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Apple on Tuesday was granted a patent detailing a modular accessories system for Apple Watch that disguises electrical components like batteries, biometric sensors, solar cells and more as links in the wearable's metal band.
As granted by the U.S. Patent and Trademark Office, Apple's U.S. Patent No. 9,553,625 for "Modular functional band links for wearable devices" details a method by which Apple can greatly expand Apple Watch's capabilities after initial sale, thus prolonging platform longevity.
First published last March, the invention involves modular links that contain working electronic components. The miniature devices are fashioned after traditional watch band links like those found in Apple's Link Bracelet, and attach one to the next via flexible conductive material.
Apple mentions a number possible devices for inclusion in the link design including batteries, photovoltaic cells, electricity generators, cameras, haptic output devices, speakers and more. With Apple pushing the Watch platform as a top-notch health tracker, the document expectedly notes any ilk of biometric sensor can also fit into the link format, from blood pressure monitors to thermometers to sweat sensors.
Just as the traditional watch link design lends itself to easy-on, easy-off operation, so does Apple's modular accessory system. Each functional link can be thought of not as a standalone device, but as a node in a larger ecosystem. These nodes attach to one another and ultimately to the 6-pin diagnostics port on Apple Watch.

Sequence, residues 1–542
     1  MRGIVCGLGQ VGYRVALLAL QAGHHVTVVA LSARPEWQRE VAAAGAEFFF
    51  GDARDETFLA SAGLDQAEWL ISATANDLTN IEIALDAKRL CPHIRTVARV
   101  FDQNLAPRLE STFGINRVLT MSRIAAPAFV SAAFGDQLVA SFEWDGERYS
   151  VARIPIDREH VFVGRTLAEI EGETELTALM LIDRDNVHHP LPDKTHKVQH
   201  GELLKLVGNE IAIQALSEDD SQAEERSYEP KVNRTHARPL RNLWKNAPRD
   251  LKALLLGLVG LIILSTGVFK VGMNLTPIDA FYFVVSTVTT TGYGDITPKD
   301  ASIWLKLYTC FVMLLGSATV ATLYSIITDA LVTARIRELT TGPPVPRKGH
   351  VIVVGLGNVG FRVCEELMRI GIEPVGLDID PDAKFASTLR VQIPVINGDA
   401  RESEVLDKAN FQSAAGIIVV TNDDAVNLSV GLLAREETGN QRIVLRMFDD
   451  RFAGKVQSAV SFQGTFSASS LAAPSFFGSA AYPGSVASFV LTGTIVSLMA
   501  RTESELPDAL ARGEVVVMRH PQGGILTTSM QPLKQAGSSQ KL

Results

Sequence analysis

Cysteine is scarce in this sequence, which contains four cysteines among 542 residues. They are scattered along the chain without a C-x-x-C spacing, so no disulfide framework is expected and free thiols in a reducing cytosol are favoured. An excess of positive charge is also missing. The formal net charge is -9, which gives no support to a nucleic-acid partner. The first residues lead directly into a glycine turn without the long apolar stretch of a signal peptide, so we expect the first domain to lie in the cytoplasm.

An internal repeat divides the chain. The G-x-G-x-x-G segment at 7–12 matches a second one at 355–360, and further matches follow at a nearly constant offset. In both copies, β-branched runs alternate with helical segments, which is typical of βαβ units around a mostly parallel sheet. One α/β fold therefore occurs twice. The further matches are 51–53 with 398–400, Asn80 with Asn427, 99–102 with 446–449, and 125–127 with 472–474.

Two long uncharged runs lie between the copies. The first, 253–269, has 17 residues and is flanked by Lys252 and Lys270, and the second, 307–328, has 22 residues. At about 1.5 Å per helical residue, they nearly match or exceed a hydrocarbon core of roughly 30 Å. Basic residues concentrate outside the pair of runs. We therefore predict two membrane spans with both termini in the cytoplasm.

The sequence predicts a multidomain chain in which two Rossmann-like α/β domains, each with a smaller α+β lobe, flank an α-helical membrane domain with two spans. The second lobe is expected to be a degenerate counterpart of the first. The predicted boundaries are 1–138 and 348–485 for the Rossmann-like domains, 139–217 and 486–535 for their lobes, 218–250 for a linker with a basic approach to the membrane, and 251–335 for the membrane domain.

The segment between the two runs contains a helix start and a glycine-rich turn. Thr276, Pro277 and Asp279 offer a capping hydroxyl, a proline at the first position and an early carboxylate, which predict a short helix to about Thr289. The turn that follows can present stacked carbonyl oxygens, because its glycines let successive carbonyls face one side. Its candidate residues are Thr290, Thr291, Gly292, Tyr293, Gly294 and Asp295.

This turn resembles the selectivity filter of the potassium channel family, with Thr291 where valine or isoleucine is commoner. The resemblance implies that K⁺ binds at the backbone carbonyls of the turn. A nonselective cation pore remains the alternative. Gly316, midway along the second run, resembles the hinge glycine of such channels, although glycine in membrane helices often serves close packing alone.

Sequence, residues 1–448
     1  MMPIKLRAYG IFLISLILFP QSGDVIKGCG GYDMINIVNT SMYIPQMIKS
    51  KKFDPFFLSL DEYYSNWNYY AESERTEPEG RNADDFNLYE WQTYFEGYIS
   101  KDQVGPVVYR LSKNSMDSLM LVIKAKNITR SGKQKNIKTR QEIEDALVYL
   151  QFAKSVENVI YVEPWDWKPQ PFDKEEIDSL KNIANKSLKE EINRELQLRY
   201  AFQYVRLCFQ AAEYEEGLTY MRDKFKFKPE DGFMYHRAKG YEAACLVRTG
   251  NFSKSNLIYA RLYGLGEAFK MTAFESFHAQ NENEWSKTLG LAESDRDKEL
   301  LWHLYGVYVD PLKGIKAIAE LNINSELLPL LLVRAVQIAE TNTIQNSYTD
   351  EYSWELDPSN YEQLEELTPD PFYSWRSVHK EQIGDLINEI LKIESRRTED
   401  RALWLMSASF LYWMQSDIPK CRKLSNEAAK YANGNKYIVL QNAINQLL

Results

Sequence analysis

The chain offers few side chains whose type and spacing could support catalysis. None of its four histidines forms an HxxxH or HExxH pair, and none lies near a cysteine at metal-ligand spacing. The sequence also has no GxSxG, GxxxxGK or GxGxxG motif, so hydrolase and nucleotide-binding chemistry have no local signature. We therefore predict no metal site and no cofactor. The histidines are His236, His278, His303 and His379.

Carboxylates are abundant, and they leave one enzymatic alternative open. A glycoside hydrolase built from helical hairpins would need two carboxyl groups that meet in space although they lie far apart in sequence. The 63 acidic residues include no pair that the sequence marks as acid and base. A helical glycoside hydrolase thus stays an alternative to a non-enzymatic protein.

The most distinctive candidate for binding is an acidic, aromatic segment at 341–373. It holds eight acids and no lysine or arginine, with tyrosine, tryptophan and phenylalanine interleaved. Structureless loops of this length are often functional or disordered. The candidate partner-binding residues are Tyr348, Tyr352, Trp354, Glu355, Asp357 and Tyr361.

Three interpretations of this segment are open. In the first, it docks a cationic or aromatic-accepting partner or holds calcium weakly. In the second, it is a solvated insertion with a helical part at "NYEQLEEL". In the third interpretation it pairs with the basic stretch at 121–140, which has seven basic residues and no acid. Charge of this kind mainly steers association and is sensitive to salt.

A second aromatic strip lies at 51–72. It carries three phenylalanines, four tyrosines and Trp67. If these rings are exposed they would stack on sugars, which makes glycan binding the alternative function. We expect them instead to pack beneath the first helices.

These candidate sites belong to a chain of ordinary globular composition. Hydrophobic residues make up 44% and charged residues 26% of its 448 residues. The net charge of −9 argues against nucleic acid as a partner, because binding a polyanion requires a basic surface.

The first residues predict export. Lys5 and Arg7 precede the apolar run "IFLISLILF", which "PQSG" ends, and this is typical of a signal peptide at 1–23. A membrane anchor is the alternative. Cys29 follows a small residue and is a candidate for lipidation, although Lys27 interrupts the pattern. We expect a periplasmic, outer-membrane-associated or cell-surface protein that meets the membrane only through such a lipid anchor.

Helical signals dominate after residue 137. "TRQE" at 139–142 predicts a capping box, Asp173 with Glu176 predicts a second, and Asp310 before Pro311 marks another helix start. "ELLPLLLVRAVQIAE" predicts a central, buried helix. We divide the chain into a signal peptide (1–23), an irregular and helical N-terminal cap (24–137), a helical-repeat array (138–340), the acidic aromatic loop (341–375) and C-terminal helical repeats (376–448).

With links arranged in serial, the nodes share a common power line — or power delivery circuit in the case of power generators and batteries — and communications bus. Module control is accomplished by assigning unique identifiers to each link. In one example, Apple describes sending an audio signal from Watch through a chain of linked modules. The data travels over the communications bus and activates only those links that match the accompanying identifier code, in this case an attached speaker module.
Other embodiments allow for link extensibility, in some cases acting as an external port for interfacing with electronic components like SIM cards or expandable memory modules.
Whether Apple is looking to bring a line of modular Watch accessories to market is unclear, but today's patent grant suggests the company is interested in expanding the wearable platform beyond its current capabilities. Apple already addressed complaints from owners of the original Apple Watch by adding a GPS module in Apple Watch Series 2, but the device still relies on a paired iPhone for many tasks. Today's patent could go a long way in making the device more autonomous, and in addressing underlying battery limitations that currently preclude the integration of such features.
Apple's modular wearable link patent was first filed for in February 2015 and credits Motohide Hatanaka, Douglas J. Weber, Brian Shadle, Alex M. Lee, David S. Herman, Patrick S. Wieler and Simon R. Lancaster-Larocque as its inventors.